jimjam wrote::eek: I think D.Trump is looking for another "Press Secretary". You have to be able to talk all day and say nothing other than D.Trump is the greatest human being ever and that trillions in newly printed $ given to billionaires will definitely "trickle down" to po folk …….
I will repeat my comment from above because, IMO, it captures things very well: A modest proposal, we give the poor and middle classes the whole two trillion dollar rescue fund and see if it trickles up.
I know you are trying to be funny, but you are actually right. Money does percolate up through the economy. Keynesian economics is based on demand side intervention. It did seem to have some benefit in the last Great Depression.
The approach taken in 2008 and now is to bail out the financial sector in order to stave off bank collapses. But at best it buys time. It comes at great cost due to debt but also unresolved moral hazard at the top end of town. Effectively it is transferring wealth from the tax payer to the financial elite without the later having to learn from their mistakes. No money will trickle down as they will immediately lock it up in esoteric investment instruments that don’t have any relation to production.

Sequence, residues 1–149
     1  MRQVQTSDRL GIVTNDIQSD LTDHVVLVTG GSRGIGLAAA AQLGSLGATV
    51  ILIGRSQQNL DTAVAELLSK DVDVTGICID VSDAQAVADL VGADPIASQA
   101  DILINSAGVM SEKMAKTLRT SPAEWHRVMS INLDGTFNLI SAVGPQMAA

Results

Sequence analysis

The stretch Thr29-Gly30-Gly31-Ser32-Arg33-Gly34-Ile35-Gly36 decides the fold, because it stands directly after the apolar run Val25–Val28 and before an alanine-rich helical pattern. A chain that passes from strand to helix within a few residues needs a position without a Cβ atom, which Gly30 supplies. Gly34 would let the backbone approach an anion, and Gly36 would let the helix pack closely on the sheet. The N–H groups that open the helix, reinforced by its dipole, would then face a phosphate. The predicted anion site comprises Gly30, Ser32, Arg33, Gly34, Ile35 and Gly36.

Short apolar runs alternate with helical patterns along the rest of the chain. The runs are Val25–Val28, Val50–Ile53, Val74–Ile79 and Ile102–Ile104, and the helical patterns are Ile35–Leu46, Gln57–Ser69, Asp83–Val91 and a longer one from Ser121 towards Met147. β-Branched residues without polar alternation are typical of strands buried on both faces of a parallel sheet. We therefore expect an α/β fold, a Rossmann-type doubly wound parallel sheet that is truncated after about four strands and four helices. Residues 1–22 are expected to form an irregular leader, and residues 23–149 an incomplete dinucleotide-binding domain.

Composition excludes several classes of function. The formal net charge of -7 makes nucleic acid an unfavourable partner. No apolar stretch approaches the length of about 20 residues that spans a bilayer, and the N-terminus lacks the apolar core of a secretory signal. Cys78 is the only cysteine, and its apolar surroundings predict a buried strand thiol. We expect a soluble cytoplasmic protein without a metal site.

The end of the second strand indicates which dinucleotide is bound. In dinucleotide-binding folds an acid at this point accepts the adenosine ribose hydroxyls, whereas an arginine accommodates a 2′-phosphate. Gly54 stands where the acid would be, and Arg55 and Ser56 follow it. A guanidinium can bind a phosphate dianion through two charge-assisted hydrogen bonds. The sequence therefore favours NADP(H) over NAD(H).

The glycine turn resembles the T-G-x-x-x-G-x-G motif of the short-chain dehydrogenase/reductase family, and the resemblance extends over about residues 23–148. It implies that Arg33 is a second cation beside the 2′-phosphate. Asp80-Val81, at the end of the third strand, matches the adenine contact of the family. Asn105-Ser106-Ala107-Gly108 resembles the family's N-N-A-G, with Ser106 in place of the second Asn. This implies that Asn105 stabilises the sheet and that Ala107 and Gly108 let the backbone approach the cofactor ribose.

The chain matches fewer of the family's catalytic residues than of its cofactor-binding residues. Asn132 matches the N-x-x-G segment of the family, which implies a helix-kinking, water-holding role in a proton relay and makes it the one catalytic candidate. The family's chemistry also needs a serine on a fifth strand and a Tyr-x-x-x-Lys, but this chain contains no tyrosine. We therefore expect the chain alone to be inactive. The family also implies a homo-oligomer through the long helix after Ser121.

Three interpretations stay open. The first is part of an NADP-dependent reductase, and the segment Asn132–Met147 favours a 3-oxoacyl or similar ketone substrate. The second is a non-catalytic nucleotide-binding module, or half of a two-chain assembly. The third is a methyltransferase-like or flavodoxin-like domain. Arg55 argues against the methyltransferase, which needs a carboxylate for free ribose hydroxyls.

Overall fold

A better policy would be to simply nationalise the banks while spending on demand side, in social support and big infrastructure projects for example. Now, there are those among us who quail at the mention of the N word. I cite the example of Conrail to show nationalisation is a viable policy in desperate circumstances. You, @jimjam , might be old enough to remember the collapse of the NE Rail network at the end of the 1960s. Conrail was an effective and successful policy response. In time, after 3 decades, it was broken up and privatised again.
When facing dire conditions, nationalisation can solve problems of systemic collapse. It seems to me that the right policy now is for the American financial sector to be largely nationalised rather than giving tax payers money to the rich. This would still cost a lot of money to shore up the system, but the public would own it. Which they should, given it is their money.
In a few decades time it could be privatised again, with the proceeds of sale going to retire public debt raised to save the system.